Commodities News

Oil Up Over More Potential Sanctions on Russian Supply, Tight Market

By Gina Lee – Oil was up on Tuesday morning in Asia, reversing its losses from the day before. Investors are calculating the probability of more sanctions on Russia’s energy sector and digesting an Organization of the Petroleum Exporting Countries (OPEC) warning that it would be impossible to replace the lost Russian supply.

Brent oil futures rose 1.80% to $100.25 by 12:14 AM ET (4:14 AM GMT) and crude oil WTI futures jumped 1.96% to $96.14.

Both Brent and WTI contracts settled down around 4% on Monday as COVID-19 lockdowns in China drove fuel demand concerns and the International Energy Agency prepares a massive oil reserve release.

The organization plans to release some 240 million barrels over the next six months, of which 180 million will be released from U.S. stockpiles at a rate of one million bpd starting in May 2022.

The European Union is also drafting proposals for a block-wide oil embargo on Russia in response to its invasion of Ukraine on Feb. 24, according to some foreign ministers. However, an agreement has yet to be reached on whether the ban will include crude supplies from Russia.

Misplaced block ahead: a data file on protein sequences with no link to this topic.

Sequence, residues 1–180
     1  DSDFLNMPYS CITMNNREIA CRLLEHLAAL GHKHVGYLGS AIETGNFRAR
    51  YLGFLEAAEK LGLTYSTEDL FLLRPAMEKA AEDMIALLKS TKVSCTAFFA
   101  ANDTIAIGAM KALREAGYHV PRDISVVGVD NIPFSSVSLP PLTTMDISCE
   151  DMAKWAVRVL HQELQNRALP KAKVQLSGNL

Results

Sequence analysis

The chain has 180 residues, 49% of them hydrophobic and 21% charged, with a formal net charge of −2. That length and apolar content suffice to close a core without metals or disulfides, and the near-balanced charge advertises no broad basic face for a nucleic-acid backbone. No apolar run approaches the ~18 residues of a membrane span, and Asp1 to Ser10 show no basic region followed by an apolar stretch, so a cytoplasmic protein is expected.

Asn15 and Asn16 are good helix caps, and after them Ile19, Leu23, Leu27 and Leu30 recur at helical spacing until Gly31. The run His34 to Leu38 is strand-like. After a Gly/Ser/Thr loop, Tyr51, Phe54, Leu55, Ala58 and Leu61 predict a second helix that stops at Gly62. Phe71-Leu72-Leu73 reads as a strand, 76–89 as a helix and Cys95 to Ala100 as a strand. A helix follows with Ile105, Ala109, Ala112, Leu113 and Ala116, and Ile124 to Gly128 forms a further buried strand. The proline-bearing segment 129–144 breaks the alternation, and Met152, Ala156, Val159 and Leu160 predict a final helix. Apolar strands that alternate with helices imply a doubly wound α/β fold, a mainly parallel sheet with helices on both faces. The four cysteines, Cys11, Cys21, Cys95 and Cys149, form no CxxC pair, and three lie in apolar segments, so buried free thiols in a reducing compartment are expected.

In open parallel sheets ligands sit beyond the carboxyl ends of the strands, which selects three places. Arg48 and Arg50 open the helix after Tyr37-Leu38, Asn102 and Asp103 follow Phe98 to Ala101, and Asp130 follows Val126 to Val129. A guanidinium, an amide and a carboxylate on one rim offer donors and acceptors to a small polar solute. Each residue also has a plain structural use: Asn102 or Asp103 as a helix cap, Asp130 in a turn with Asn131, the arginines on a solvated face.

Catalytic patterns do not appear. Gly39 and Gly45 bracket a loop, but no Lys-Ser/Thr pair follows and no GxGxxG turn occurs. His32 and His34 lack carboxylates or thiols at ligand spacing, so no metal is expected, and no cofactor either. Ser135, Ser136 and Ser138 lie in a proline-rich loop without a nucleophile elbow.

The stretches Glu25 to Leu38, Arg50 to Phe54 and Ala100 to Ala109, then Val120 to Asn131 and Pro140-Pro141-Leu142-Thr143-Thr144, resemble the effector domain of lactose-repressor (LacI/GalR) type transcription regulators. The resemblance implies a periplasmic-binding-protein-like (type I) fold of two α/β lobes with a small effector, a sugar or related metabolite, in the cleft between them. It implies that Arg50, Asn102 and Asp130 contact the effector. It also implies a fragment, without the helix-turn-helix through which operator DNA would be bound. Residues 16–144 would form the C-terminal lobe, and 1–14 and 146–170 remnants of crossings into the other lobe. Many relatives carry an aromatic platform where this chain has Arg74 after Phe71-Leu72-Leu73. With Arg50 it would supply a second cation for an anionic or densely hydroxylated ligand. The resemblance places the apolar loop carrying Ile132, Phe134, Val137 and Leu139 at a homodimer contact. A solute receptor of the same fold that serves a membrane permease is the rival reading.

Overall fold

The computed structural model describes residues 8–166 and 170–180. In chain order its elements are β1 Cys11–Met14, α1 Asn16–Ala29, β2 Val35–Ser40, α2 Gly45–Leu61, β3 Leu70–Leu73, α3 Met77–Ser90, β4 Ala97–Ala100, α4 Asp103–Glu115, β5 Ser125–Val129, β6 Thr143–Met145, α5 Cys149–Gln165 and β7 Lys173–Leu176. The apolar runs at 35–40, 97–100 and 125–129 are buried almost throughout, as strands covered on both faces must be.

“The oil market is still vulnerable to a major shock if Russian energy is sanctioned, and that risk remains on the table,” OANDA senior market analyst Edward Moya said in a note.

“Oil prices will play tug-of-war here as crude inventories remain low, but energy traders will struggle to shake off these steady announcements of new COVID restrictions in China,” the note added.

Meanwhile, OPEC warned that losses from Russian oil and other liquids exports due to existing sanctions could be as much as seven million barrels per day. It added that the volume will be “impossible” to replace.

Investors now await U.S. crude oil supply from the American Petroleum Institute, due later in the day.

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